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This book examines the idea of a fundamental entitlement to health and healthcare from a human rights perspective.
The volume is based on a particular conceptual reasoning that balances critical thinking and pragmatism in the context of a universal right to health. Thus, the primary focus of the book is the relationship or contrast between rights-based discourse/jurisprudential arguments and real-life healthcare contexts. The work sets out the constraints that are imposed on a universal right to health by practical realities such as economic hardship in countries, lack of appropriate governance and lack of support for the implementation of this right through the provision of appropriate resource allocation. It queries the degree to which the existence of this legally enshrined right and its application in instruments such as ICESCR and the UDHR can be more than an ephemeral aspiration but can, actually, sustain, promote and instil good practice. It further asks if social reality and the inequalities that present themselves therein impede the implementation of laudable human rights, particularly within marginalised communities and cadres of people. It deliberates on what States and global bodies do, or could do, in practical terms to ensure that such rights are moved beyond the aspirational and become attainable and implementable. Divided into three parts, the first analyses the notion of a universal inalienable right to health(care) from jurisprudential, anthropological, legal, and ethical perspectives. The second considers the translation of international human rights norms into specific jurisdictional healthcare contexts. With a global perspective it includes countries with very different legal, economic and social contexts. Finally, the third part summarises the lessons learnt and provides a pathway for future action.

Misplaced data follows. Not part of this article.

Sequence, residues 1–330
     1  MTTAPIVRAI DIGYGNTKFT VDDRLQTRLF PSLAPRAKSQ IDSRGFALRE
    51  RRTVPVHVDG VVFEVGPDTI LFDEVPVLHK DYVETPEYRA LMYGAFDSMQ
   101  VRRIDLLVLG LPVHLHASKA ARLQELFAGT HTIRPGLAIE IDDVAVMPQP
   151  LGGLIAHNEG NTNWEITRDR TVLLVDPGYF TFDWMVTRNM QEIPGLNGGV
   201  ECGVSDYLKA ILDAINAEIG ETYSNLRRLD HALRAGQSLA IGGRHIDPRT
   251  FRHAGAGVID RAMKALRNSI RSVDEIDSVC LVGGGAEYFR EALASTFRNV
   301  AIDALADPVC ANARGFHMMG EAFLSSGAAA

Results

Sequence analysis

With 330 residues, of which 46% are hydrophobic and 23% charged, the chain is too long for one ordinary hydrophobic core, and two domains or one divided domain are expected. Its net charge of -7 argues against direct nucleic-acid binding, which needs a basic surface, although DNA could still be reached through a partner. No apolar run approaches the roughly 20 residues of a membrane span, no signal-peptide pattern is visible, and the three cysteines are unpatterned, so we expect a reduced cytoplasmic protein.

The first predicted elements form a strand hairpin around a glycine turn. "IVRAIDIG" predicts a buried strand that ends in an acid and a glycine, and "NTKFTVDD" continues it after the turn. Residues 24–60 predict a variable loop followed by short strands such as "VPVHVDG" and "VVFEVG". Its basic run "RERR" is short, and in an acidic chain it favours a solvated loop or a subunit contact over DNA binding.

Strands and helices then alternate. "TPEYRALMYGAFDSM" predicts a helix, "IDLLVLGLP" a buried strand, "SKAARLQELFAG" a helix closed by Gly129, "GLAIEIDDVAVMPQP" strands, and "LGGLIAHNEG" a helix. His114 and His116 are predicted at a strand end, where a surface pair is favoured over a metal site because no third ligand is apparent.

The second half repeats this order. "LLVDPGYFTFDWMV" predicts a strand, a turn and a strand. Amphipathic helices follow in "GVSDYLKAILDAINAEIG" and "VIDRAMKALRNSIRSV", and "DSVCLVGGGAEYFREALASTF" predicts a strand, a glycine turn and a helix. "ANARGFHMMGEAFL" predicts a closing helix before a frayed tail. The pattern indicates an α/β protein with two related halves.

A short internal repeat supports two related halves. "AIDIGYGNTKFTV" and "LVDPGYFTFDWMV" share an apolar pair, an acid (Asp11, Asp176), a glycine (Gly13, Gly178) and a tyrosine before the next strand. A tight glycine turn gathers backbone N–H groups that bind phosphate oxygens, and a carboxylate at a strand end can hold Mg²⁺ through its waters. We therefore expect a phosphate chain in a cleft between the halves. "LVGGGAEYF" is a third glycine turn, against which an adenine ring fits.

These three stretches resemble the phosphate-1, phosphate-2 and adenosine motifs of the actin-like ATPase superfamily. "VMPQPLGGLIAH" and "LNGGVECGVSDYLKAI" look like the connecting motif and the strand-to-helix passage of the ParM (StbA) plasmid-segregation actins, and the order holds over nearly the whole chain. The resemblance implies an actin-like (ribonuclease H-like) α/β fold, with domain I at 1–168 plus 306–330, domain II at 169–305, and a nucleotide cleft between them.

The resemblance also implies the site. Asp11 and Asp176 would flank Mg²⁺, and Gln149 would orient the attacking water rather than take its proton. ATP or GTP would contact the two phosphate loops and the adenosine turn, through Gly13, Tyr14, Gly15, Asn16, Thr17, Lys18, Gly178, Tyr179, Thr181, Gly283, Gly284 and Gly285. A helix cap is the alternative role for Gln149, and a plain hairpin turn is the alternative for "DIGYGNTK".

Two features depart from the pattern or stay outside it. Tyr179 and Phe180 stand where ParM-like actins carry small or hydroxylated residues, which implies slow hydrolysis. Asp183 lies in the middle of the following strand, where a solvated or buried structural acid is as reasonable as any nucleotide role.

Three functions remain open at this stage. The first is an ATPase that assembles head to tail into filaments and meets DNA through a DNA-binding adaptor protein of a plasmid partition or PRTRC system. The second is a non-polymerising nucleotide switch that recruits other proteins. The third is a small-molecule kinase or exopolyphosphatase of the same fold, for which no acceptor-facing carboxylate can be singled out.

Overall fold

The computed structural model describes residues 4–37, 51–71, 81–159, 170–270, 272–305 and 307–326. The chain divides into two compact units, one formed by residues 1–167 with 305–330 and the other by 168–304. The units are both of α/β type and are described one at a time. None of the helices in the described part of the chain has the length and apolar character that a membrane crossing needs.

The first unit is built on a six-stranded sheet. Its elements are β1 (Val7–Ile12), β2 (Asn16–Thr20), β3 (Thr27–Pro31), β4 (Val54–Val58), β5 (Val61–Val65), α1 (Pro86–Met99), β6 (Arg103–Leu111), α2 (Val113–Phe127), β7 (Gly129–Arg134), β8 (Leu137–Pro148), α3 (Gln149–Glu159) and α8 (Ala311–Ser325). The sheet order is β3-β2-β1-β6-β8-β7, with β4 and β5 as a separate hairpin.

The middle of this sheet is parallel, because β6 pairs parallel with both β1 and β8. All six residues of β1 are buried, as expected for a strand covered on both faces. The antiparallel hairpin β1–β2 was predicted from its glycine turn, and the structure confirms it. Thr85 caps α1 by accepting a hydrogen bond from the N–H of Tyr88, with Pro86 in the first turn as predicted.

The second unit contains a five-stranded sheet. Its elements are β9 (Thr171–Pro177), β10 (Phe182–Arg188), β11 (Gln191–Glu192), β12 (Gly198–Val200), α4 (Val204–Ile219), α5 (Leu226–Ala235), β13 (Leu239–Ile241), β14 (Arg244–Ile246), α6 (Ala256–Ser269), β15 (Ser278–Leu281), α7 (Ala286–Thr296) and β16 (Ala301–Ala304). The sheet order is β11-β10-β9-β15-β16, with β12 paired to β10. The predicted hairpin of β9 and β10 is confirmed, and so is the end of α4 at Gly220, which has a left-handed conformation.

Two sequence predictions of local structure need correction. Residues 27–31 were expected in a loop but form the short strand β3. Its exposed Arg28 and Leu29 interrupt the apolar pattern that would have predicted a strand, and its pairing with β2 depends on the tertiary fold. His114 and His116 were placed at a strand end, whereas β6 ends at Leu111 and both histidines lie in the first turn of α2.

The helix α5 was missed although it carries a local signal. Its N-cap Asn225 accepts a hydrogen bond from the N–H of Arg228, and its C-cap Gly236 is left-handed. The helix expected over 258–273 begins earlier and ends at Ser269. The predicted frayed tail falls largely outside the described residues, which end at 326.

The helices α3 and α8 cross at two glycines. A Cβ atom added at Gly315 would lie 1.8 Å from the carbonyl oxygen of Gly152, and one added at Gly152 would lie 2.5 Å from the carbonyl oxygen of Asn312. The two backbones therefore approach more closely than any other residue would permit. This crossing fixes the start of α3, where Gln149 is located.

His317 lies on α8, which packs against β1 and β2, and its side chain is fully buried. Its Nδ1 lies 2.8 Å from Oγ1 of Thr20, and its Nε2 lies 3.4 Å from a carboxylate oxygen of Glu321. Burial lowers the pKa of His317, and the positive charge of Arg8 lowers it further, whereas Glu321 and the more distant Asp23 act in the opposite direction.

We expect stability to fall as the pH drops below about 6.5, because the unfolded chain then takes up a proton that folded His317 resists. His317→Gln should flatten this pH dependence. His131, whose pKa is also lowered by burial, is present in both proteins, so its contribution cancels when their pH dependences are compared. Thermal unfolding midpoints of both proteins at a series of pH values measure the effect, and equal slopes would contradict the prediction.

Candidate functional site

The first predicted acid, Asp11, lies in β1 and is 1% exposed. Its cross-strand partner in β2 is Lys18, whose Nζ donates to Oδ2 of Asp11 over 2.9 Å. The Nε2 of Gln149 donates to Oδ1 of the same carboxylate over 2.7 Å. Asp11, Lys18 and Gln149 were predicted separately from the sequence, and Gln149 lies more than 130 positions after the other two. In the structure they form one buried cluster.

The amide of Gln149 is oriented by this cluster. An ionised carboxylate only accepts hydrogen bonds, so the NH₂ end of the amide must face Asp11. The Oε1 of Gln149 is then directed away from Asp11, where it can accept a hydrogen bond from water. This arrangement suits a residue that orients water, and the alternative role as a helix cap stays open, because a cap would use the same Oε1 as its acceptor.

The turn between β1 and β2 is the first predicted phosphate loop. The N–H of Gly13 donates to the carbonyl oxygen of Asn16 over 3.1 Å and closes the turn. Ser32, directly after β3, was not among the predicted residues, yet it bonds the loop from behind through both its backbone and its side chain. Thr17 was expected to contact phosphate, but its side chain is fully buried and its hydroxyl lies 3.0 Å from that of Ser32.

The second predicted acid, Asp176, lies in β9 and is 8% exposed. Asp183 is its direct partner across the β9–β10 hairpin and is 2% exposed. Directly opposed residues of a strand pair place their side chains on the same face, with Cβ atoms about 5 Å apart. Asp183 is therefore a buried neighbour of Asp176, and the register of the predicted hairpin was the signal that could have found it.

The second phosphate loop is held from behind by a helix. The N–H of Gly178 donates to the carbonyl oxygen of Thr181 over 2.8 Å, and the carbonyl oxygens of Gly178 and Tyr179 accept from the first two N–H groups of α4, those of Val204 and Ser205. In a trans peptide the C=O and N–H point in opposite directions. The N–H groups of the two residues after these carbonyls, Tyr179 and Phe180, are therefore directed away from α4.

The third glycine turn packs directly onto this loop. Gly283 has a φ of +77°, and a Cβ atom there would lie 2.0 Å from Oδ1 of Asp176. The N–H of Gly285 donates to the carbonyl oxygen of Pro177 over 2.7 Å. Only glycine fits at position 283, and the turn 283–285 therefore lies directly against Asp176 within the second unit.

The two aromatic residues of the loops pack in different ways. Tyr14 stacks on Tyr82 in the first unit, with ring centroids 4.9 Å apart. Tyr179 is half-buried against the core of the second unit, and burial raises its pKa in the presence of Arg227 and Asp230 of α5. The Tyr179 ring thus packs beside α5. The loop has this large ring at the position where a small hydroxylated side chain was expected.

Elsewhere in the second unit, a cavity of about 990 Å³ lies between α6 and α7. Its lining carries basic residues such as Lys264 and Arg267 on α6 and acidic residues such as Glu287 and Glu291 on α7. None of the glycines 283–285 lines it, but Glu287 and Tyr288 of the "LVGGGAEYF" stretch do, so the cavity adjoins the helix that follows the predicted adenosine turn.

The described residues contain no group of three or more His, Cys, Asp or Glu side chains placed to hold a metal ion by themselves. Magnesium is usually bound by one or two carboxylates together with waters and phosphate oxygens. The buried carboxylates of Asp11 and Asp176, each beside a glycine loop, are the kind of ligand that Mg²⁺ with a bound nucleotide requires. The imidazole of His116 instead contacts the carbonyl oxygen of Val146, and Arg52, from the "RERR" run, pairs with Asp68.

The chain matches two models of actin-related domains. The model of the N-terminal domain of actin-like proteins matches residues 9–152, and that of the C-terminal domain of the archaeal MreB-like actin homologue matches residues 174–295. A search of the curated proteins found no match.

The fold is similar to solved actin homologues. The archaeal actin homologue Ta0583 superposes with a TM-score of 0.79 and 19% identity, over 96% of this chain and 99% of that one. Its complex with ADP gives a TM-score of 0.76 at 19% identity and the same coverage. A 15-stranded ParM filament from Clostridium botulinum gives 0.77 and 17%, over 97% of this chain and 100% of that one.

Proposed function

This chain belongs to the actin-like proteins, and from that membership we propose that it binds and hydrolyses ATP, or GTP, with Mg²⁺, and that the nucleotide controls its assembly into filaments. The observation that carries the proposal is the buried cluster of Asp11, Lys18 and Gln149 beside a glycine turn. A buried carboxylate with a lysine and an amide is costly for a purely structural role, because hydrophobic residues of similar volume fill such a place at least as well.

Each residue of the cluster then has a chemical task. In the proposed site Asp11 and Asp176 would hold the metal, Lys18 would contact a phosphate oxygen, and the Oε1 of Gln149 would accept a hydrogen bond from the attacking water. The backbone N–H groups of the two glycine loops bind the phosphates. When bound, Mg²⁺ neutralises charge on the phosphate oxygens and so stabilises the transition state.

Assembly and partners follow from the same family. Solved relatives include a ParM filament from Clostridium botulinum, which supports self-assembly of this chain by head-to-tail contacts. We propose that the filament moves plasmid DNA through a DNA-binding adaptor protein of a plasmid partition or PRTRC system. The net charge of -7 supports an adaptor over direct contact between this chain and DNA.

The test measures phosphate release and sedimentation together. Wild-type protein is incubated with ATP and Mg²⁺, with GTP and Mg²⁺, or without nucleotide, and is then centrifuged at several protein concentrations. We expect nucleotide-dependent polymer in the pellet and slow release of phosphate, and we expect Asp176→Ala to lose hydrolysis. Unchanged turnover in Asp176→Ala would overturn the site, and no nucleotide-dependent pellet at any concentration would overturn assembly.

The book will be an invaluable resource for students, academics and policy-makers working in the areas of health law and policy, and international human rights law.